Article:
You can take a free city map from the information desk next to the Putra mosque. It is possible to cycle in the river circuit that leads all around the city passing several points of interest, or to venture into the gardens. With hundreds of species of plants, trees, and a picturesque Moroccan style garden pavillion, the taman botani is free to enter and a perfect spot for a stroll or a picnic.

Admire Arabian Influenced Architecture

The unique thing about Putrajaya is that the city has been crafted in Middle Eastern style rather than traditional Malay. Many of the important offices and government buildings have ornate domed roofs that look like something straight out of Aladdin! The Perdana Putra Administrative Complex (next to the Putra mosque), the Palace of Justice, and the Seri Perdana are not to be missed.

The latter of these – the Seri Perdana can be entered via a tour provided that you organise this in advance. Located within the Seri Perdana complex is the main house of the Prime Minister of Malaysia.

Getting to Putrajaya

To get to Putrajaya, you have a couple of options depending on your travel preference and budget.

Visit the City on a Putrajaya Tour

There are several tour companies and hotels that offer day trips around Putrajaya. This works out a little more expensive, however the city is very spread out and difficult to get around without your own transport so it may be worthwhile in order to take the stress out of your trip. You can find a great Putrajaya day tour here.

Visit Putrajaya by Public Transport

You can also take the train to Putrajaya from KL Sentral. The trains costs 14 ringgit each way (approximately £3/$3.50) and takes just 15 minutes. From Putrajaya and Cyberjaya station, you need to take a bus (or cab) towards the centre of Putrajaya (I would recommend headed to the Putra mosque and exploring the rest of the area on foot from there).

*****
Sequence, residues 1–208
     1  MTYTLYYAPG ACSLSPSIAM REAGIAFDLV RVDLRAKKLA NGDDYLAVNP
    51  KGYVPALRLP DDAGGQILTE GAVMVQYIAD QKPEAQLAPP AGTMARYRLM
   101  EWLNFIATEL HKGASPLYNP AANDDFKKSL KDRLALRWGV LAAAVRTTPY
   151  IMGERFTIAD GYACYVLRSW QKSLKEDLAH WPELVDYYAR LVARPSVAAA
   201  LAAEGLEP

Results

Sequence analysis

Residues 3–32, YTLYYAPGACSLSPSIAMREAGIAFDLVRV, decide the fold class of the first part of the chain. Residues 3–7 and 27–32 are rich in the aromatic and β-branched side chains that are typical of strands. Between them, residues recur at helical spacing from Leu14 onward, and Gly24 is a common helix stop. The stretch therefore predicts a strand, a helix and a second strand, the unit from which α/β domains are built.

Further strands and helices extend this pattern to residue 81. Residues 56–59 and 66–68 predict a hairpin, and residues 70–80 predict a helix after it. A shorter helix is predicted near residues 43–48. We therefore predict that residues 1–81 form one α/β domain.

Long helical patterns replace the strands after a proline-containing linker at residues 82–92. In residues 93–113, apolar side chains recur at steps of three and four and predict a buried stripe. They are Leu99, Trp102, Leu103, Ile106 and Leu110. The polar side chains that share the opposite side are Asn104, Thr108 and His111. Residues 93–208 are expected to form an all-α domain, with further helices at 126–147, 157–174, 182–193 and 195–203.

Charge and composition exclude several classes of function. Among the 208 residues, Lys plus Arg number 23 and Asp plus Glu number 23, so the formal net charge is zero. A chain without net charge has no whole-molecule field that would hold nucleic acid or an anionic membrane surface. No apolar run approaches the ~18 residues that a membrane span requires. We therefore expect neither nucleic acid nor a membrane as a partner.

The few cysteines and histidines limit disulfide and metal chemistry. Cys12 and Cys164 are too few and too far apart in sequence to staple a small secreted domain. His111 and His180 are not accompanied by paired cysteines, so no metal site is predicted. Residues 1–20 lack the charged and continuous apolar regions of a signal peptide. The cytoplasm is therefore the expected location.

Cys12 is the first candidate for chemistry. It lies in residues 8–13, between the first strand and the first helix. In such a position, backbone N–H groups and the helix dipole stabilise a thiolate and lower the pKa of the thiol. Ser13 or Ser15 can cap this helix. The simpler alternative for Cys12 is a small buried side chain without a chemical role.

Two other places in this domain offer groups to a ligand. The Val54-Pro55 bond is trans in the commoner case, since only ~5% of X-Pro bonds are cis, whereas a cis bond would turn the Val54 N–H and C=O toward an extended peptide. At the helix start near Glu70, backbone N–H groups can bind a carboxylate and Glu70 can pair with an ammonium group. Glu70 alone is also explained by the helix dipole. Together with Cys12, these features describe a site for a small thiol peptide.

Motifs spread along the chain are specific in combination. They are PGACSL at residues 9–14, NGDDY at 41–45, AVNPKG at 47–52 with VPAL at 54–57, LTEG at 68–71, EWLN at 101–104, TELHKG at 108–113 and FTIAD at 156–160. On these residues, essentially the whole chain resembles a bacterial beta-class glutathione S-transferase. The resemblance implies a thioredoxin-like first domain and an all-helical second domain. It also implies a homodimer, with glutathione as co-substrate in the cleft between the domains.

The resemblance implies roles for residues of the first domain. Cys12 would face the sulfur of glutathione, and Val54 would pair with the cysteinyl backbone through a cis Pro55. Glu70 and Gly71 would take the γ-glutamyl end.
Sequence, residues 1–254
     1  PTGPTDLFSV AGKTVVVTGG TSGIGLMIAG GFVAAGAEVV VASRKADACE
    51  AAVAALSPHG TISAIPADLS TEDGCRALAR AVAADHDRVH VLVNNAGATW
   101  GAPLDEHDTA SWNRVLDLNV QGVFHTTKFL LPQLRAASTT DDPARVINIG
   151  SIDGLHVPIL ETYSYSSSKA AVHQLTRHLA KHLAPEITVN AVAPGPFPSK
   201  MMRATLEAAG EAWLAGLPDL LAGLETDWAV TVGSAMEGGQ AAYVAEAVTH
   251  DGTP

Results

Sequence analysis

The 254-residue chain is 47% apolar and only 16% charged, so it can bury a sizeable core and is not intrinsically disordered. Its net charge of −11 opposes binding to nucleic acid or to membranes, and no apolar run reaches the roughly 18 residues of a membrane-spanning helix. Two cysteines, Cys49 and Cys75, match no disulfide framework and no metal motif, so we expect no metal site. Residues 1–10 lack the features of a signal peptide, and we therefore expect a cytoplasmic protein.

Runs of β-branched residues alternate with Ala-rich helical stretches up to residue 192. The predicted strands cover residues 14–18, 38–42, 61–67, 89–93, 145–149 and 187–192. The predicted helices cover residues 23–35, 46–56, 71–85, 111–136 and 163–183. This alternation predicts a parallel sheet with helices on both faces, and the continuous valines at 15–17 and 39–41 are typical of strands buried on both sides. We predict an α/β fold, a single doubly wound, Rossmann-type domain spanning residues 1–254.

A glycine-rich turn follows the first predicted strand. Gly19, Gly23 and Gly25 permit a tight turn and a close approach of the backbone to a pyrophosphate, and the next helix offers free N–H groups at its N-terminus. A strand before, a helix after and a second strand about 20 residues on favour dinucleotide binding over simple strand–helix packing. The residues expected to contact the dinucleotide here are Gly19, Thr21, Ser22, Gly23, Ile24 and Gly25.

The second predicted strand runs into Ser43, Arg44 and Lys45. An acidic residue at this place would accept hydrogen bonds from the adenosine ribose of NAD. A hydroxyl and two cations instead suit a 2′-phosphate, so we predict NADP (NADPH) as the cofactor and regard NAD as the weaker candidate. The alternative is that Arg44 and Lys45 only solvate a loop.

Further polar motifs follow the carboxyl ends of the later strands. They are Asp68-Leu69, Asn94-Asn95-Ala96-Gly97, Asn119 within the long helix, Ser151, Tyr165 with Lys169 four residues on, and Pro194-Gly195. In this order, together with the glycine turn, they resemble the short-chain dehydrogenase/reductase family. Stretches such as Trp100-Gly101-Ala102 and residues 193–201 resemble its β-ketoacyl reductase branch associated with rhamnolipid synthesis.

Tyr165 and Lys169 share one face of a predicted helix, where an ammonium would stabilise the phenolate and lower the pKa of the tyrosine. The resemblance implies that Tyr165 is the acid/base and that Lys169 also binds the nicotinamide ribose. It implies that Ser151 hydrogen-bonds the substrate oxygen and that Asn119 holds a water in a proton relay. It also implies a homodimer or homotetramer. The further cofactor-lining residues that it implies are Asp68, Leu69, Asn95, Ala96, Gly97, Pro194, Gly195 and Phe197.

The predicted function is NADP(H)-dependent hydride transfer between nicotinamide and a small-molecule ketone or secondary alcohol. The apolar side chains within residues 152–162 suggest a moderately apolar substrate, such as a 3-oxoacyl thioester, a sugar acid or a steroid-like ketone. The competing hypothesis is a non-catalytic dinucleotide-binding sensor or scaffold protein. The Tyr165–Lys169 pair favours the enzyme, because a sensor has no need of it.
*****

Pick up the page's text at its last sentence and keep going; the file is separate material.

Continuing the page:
Public transport links in Putrajaya are infrequent and unreliable and it can be pretty difficult to locate cabs around the city. Your best option is to ensure you have a local sim card and take cabs to get around as you need using the GRAB taxi app. (The Southeast Asia alternative to Uber). Rides cost less than $1 each time, even covering relative distances.    

Accommodation in Putrajaya

I stayed overnight in Putrajaya and honestly I do not think this is necessary unless you want to be twiddling your thumbs. Even exploring at a relaxed pace enables you to see the city in a day.

With that considered, there are several hotels in the city, most of which are four or five stars owing to the fact that most that visit Putrajaya are business people or government officials.

If you DO decide to stay overnight in Putrajaya, double check the area before booking. Ideally you should stay in precinct 1 or 2, otherwise you will be forced to take cabs back and forth from your hotel. The Dorsett Putrajaya is a luxury hotel with an excellent reputation. Definitely avoid the Pullman Putrajaya though. I stayed there, and woke up in the night to hundreds of ants biting me in bed – delightful! When I left, I also later discovered that they had overcharged my bank account.

Have you heard of Putrajaya or travelled there? Let me know your thoughts below!

Disclaimer: This Putrajaya Travel Guide may contain affiliate links. In other words, if you decide to make a purchase through the links provided, I will obtain a small amount of commission at no extra cost to you, aiding me with keeping up with the costs of running High Heels & a Backpack. Thanks for your understanding.

Melissa Douglas

Melissa Douglas is a British Travel Writer and Blogger based in Athens, Greece. She writes for numerous high profile travel publications across the globe - including Forbes Travel Guide, Matador Network, The Times of Israel and The Huffington Post.